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Blood Biomarker Protein Correlates with Severity of Brain Damage in Stroke Patients

By LabMedica International staff writers
Posted on 23 Nov 2020
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Image: A clot in the neck or brain can lead to a stroke (Photo courtesy of Mayo Clinic)
Image: A clot in the neck or brain can lead to a stroke (Photo courtesy of Mayo Clinic)
Researchers have identified a stroke-related biomarker protein that correlates with the severity of brain tissue damage as well as with functional outcome and mortality.

The outcome of a stroke varies greatly between patients from temporary mild symptoms to permanent disability and death. As the currently used clinical scale for measuring disease severity shows poor correlation with brain tissue damage, it is necessary to identify better markers of tissue damage, which could improve the ability to predict outcome and promote the development of better therapies.

In this regard, investigators at the Mayo Clinic (Jacksonville, FL, USA) examined whether the blood protein neurofilament light (NFL) would fulfill this purpose for stroke patients with acute cerebral infarction (ACI), aneurysmal subarachnoid hemorrhage (SAH), or nontraumatic intracerebral hemorrhage (ICH).

Neurofilament light (NFL) is a neurofilament protein that in humans is encoded by the NEFL gene. NFL is a biomarker that can be measured with immunoassays in cerebrospinal fluid and plasma and reflects axonal damage in a wide variety of neurological disorders. It is a useful marker for disease monitoring in amyotrophic lateral sclerosis, multiple sclerosis, Alzheimer's disease, and more recently Huntington's disease.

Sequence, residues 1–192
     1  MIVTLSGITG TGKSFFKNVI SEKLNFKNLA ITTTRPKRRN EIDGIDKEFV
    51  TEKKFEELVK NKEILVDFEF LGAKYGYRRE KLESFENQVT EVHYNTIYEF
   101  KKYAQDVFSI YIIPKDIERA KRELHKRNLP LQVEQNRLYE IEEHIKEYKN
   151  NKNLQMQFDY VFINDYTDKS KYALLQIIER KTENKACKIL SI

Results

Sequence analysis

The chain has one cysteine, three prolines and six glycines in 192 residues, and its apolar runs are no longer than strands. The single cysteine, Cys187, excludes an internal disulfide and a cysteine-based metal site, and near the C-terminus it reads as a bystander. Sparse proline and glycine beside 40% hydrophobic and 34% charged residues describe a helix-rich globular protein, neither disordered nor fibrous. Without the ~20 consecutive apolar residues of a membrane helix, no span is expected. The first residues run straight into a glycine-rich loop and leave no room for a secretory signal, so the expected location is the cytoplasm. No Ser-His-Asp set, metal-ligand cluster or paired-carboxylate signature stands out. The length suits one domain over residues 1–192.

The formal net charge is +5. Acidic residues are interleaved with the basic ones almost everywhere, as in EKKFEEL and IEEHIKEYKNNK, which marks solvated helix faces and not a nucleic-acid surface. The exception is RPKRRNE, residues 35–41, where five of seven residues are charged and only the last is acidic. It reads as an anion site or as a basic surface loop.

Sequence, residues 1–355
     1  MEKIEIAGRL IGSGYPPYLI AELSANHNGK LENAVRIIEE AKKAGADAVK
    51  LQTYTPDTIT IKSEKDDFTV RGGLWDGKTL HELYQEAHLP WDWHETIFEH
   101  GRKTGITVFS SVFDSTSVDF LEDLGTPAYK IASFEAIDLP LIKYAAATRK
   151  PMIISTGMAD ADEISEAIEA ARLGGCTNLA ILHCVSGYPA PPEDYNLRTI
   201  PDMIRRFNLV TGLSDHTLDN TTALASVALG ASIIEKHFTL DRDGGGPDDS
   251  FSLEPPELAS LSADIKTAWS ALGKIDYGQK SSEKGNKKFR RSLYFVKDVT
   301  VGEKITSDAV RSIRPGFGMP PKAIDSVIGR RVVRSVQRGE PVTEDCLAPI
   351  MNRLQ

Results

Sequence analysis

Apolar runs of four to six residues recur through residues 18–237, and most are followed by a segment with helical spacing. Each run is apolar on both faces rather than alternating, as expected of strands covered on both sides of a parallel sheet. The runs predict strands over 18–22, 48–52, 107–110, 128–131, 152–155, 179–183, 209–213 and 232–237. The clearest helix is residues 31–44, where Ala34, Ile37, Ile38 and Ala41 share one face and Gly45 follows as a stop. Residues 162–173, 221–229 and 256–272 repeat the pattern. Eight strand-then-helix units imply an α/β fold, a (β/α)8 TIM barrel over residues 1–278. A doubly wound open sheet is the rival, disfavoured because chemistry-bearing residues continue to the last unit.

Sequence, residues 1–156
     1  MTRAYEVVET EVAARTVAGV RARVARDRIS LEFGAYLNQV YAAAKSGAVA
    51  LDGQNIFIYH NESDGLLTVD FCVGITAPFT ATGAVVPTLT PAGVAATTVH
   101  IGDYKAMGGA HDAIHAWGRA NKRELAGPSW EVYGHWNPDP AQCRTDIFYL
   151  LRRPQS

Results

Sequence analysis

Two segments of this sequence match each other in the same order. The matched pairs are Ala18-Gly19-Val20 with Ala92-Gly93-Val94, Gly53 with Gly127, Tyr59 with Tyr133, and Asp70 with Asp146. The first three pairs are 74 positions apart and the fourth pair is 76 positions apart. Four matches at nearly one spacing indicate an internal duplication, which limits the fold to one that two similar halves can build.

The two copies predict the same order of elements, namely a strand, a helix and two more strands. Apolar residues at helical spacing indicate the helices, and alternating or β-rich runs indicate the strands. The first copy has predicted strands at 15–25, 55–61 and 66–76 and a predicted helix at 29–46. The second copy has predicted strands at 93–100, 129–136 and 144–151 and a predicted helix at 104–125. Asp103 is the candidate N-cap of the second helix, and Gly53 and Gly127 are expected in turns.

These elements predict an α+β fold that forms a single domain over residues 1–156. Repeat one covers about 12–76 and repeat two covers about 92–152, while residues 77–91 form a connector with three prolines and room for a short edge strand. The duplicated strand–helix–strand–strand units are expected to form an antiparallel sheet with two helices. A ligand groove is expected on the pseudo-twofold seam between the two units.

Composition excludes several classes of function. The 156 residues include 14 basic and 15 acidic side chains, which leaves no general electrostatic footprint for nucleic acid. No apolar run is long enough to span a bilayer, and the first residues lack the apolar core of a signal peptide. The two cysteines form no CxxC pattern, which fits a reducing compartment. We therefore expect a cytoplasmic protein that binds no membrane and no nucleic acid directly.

For the current study, the investigators measured NFL concentrations in blood collected from 314 stroke patients and in blood from 79 healthy individuals. Results revealed that compared to healthy individuals NFL was higher for all stroke types. NFL associated with radiographic markers of brain tissue damage and correlated with the extent of early ischemic injury in patients with ACI, hemorrhage severity in patients with SAH, and intracranial hemorrhage volume in patients with ICH. Furthermore, higher NFL concentrations independently associated with three- or six-month functional disability and higher all-cause mortality.

"We discovered that blood levels of NFL do predict stroke severity," said senior author Dr. Leonard Petrucelli, professor of neuroscience at the Mayo Clinic. "We found that higher NFL levels forecast worse functional outcomes and shorter survival time after a stroke. We found this to be the case for ischemic stroke and hemorrhagic strokes. Our study establishes NFL as a promising prognostic biomarker for stroke."

The study was published in the November 11, 2020, online edition of the journal Science Translational Medicine.

Related Links:
Mayo Clinic

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